In DepthScientific Workforce

Universities move to stop passing the harasser

See allHide authors and affiliations

Science  29 Nov 2019:
Vol. 366, Issue 6469, pp. 1057
DOI: 10.1126/science.366.6469.1057

You are currently viewing the summary.

View Full Text

Log in to view the full text

Log in through your institution

Log in through your institution

Summary

The #MeToo movement has shone a spotlight on an ugly tradition in higher education: allowing faculty members found guilty of bullying or sexual harassment to move to a new job without telling the new employer about their past conduct. But major research universities are taking steps to penetrate the veil of silence that abets the practice of "passing the harasser." The Davis and San Diego campuses of the University of California system are conducting pilot programs that ask certain faculty candidates to waive some privacy protections, and earlier this month the University of Illinois Board of Trustees adopted the recommendations of a faculty group to conduct a similar pilot. Even as universities move to tackle the issue, however, an engineering professor recently worked for 18 months at the National Science Foundation before the agency learned he had been suspended for bullying. Although he was promptly removed, the case highlights the lack of transparency in hiring practices.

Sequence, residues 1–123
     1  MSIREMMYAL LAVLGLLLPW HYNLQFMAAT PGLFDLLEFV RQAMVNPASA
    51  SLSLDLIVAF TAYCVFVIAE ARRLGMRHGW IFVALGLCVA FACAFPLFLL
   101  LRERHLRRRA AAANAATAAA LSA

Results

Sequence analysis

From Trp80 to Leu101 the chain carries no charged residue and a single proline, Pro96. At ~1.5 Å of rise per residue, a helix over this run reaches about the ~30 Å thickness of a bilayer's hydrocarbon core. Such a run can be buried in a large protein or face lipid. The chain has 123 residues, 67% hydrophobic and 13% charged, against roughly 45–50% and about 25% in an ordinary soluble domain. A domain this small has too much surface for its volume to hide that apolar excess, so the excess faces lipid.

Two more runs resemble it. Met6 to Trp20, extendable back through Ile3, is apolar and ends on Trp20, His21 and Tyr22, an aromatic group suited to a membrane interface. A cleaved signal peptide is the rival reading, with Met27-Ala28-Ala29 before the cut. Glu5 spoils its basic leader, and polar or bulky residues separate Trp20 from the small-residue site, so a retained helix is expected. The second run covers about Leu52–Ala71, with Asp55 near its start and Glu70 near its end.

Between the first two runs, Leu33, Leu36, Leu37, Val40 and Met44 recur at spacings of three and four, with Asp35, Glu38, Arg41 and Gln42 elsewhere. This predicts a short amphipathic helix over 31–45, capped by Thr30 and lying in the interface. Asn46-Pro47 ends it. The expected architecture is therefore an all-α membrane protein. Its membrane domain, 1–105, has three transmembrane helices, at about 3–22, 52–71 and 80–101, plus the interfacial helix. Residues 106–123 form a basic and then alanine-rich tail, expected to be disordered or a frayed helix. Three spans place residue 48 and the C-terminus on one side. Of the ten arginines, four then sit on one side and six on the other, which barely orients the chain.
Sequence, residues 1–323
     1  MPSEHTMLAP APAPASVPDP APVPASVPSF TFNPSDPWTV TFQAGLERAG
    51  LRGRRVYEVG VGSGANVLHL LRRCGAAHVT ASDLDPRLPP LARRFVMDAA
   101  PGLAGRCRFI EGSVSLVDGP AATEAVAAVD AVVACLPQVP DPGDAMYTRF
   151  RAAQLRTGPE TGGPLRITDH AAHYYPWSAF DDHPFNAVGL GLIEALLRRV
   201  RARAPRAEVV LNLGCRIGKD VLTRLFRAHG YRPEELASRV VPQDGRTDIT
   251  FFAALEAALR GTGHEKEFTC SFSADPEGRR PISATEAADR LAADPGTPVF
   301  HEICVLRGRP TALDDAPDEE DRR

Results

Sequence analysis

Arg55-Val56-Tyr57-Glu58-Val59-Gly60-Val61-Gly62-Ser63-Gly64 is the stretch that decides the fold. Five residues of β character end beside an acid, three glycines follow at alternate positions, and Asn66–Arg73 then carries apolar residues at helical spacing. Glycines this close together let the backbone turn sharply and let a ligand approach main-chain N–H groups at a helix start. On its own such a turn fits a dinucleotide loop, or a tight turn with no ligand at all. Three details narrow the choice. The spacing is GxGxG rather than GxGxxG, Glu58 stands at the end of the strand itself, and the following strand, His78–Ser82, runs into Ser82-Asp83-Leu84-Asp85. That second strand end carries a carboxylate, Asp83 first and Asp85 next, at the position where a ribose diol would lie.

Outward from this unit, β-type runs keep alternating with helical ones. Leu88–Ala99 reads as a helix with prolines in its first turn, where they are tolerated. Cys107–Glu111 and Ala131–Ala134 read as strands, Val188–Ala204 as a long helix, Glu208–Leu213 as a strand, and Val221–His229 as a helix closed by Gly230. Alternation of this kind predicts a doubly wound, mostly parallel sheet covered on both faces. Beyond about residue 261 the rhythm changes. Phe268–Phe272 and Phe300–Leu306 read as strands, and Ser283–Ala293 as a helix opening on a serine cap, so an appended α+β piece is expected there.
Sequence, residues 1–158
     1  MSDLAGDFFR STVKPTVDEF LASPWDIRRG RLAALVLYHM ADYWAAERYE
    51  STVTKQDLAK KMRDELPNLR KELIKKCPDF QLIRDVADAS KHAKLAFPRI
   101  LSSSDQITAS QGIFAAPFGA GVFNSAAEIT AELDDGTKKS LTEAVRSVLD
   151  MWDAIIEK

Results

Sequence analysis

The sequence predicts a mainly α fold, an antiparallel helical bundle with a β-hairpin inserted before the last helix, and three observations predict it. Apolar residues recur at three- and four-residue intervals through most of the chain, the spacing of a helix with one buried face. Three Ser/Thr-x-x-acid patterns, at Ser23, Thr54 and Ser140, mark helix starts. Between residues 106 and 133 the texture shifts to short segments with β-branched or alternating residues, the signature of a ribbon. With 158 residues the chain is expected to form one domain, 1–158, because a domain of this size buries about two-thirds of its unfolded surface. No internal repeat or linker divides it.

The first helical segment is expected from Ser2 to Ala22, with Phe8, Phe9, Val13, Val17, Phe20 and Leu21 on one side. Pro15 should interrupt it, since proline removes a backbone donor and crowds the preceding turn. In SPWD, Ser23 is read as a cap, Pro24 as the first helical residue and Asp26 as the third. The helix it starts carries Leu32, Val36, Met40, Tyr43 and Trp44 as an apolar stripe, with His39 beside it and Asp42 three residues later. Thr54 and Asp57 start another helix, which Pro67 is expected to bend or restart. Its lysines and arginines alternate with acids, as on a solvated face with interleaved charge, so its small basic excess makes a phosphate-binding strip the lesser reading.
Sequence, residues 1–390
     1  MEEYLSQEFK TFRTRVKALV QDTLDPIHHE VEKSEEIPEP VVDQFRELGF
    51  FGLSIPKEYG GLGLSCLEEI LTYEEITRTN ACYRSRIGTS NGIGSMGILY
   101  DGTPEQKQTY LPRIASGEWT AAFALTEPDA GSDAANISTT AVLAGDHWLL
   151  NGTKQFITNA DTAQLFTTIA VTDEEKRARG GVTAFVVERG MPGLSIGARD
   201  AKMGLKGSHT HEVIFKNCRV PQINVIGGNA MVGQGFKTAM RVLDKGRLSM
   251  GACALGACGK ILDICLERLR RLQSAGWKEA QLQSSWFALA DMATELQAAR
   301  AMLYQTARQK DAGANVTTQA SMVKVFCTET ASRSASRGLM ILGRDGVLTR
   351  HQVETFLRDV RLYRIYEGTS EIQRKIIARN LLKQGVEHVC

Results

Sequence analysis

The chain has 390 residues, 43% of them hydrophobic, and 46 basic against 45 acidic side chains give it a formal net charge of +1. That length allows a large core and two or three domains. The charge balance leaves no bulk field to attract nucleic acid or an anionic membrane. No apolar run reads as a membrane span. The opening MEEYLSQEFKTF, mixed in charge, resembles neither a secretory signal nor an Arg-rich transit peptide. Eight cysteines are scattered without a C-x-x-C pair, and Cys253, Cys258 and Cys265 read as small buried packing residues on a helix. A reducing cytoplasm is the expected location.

View Full Text

Stay Connected to Science